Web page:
Faeries are unique supernatural beings that have their own hierarchy amongst themselves. Some types of faeries are more powerful than others, and have their own powers, strengths and temperaments.
They are capable of bringing good fortune to humans or bad luck if they become offended. It can be dangerous to anger them, even some of the weakest ones.
They can heal injuries and cure the sick, but they can also cause blight on plants and illness in animals and humans.
Problems Faeries can Cause
Have you ever woken to find your hair in tiny tangles? These are called Elf-locks or Faery knots.
They may have the power of Glamour, making people see what they wish for them to see. Or, not see what is actually there.
They can cause people to get lost by changing landmarks, or disguise treacherous ground to make it appear safe.
They have been known to steal small items or lead travellers astray, but they are also
capable of more dangerous behaviour.
Consumption, also known as tuberculosis was sometimes blamed on the faeries forcing men and women to dance at their revels every night, and waste away from lack of rest.
Kidnapping and Changelings
Some believe that a sudden death might actually be a faery kidnapping, the corpse being a wooden stand-in or stock, about the same size as the kidnapped person. It would be crudely carved and then glamoured to make it look like the victim. Humans bury it, and the victim is not missed nor is rescue attempted.
Women were kidnapped to be used as midwives, nurse maids or nannies. Stories are told of the woman being asked to rub the eyes of the faery child with Faerie ointment, said to be made from shamrocks. When she inadvertently touches her own eyes, the ointment allows her to see through the Faerie glamour, and see the Faery world as it is. Grease on the fingers from a meal will have the same effect.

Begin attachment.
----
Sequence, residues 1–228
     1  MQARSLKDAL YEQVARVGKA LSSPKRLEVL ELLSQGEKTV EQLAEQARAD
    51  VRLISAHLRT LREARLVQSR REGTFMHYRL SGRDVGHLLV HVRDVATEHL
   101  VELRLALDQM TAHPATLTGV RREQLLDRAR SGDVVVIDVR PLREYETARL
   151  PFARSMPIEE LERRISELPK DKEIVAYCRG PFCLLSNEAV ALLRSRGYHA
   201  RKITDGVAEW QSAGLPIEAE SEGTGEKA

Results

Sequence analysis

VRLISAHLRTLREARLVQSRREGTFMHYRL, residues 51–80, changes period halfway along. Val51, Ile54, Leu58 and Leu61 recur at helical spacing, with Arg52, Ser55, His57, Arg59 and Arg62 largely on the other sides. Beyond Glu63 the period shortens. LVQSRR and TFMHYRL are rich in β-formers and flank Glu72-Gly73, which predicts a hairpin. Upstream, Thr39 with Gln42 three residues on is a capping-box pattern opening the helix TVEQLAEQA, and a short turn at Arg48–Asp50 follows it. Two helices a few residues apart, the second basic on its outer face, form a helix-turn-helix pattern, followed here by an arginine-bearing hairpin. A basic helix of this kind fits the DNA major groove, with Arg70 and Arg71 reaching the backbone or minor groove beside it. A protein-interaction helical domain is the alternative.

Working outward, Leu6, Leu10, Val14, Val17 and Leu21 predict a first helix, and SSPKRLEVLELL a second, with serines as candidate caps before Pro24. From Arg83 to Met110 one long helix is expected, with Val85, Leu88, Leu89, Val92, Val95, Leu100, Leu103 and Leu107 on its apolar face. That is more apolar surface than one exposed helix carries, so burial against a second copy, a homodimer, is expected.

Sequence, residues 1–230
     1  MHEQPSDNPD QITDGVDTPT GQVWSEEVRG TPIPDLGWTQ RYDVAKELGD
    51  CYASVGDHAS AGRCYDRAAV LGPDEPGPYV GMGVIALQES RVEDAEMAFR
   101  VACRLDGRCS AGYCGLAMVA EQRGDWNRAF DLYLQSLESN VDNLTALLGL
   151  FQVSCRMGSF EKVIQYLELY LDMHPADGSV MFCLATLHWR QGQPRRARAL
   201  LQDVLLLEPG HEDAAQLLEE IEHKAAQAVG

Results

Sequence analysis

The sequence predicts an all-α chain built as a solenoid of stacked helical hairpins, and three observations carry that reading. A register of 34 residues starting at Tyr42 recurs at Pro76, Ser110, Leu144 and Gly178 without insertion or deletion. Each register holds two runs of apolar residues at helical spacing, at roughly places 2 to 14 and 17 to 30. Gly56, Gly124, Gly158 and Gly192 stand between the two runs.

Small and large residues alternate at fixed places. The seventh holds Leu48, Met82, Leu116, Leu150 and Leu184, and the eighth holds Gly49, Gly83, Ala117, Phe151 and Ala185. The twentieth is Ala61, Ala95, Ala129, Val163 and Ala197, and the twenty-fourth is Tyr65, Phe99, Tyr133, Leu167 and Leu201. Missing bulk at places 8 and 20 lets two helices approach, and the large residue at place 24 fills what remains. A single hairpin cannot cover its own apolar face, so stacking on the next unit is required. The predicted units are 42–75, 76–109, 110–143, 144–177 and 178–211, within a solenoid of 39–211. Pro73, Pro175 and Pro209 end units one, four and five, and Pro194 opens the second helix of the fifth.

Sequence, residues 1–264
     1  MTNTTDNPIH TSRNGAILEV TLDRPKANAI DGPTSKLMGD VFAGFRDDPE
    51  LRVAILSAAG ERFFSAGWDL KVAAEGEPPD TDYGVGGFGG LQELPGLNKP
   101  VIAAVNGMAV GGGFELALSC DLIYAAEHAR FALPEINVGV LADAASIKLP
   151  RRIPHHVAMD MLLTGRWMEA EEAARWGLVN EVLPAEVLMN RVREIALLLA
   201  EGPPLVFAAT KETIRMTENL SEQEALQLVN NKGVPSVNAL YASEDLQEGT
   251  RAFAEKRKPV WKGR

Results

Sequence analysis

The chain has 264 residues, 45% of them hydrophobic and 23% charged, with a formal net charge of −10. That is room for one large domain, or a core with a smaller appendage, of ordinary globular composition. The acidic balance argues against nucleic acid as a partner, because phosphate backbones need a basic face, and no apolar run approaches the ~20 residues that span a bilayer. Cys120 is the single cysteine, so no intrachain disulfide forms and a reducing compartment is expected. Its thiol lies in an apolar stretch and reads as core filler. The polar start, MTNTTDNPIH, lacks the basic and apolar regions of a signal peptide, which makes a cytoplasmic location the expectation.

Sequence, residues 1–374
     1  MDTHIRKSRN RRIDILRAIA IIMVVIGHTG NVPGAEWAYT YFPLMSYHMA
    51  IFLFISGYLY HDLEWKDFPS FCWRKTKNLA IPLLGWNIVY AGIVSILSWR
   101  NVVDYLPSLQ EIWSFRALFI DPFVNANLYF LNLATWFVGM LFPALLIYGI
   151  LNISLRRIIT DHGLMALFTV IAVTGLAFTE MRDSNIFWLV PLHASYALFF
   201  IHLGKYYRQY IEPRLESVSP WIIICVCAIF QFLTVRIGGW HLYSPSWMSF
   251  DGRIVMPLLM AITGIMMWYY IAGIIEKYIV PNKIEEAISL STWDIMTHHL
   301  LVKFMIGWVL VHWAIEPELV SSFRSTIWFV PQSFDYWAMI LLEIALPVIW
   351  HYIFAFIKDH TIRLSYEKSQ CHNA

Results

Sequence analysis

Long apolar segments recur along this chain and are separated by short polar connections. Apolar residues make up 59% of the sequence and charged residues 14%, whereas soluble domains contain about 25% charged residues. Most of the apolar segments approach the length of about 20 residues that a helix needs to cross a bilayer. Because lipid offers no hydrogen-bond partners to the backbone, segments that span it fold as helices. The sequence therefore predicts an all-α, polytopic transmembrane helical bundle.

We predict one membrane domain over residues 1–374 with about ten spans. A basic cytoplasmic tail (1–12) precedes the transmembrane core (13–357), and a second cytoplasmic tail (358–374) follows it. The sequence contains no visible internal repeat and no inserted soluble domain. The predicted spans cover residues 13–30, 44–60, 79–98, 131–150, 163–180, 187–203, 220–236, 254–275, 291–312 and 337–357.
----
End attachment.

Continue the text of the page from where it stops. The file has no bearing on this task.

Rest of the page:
Humans can be taken to be used for their skills at a craft, music or singing.
A man might be kidnapped to participate in a war or ball game, or he may have caught the eye of a Faerie lady. He may be used as a lover, and possibly as a stud.
Women, as well might be used as breeding stock.
Sometimes faery children are left in place of stolen human babies, called changelings. It’s likely that these children may have been afflicted with unexplained diseases, disorders or developmental disabilities, and changelings were used to explain their infirmities.
A more sinister reason for taking captives is to pay a teind or tithe to the Devil. Every seven years, one of their own must be given as tribute, and many legends hint that humans are used so the faeries may be spared.
As long as the human captive does not eat or drink any Faerie food, he or she may be rescued. He or she will be otherwise trapped forever.
Faeries have no scruples about stealing grain, milk or even cattle. They believe they are entitled to take whatever they need. Yet, they become furious if humans take from them.
They delight in playing tricks on people, but when the joke is on them, they usually do not take it in good humour.
Even when faeries are being kind, their goodwill can be embarrassing. It is not unusual for faeries to reward a human friend by stealing from his neighbours.
Locations known to be faery haunts are to be avoided. Even cutting brush on faery forts was said to be the cause of death to those who did so.
Mythical Monday is part of series of posts on myths and legends. I hope you enjoy learning about Faeries and the legends and folklore surrounding them. Next week, I will continue the series with How to Win the Favour of the Faeries and Faults Condemned by Faeries.
See my other Posts on Mythical Monday: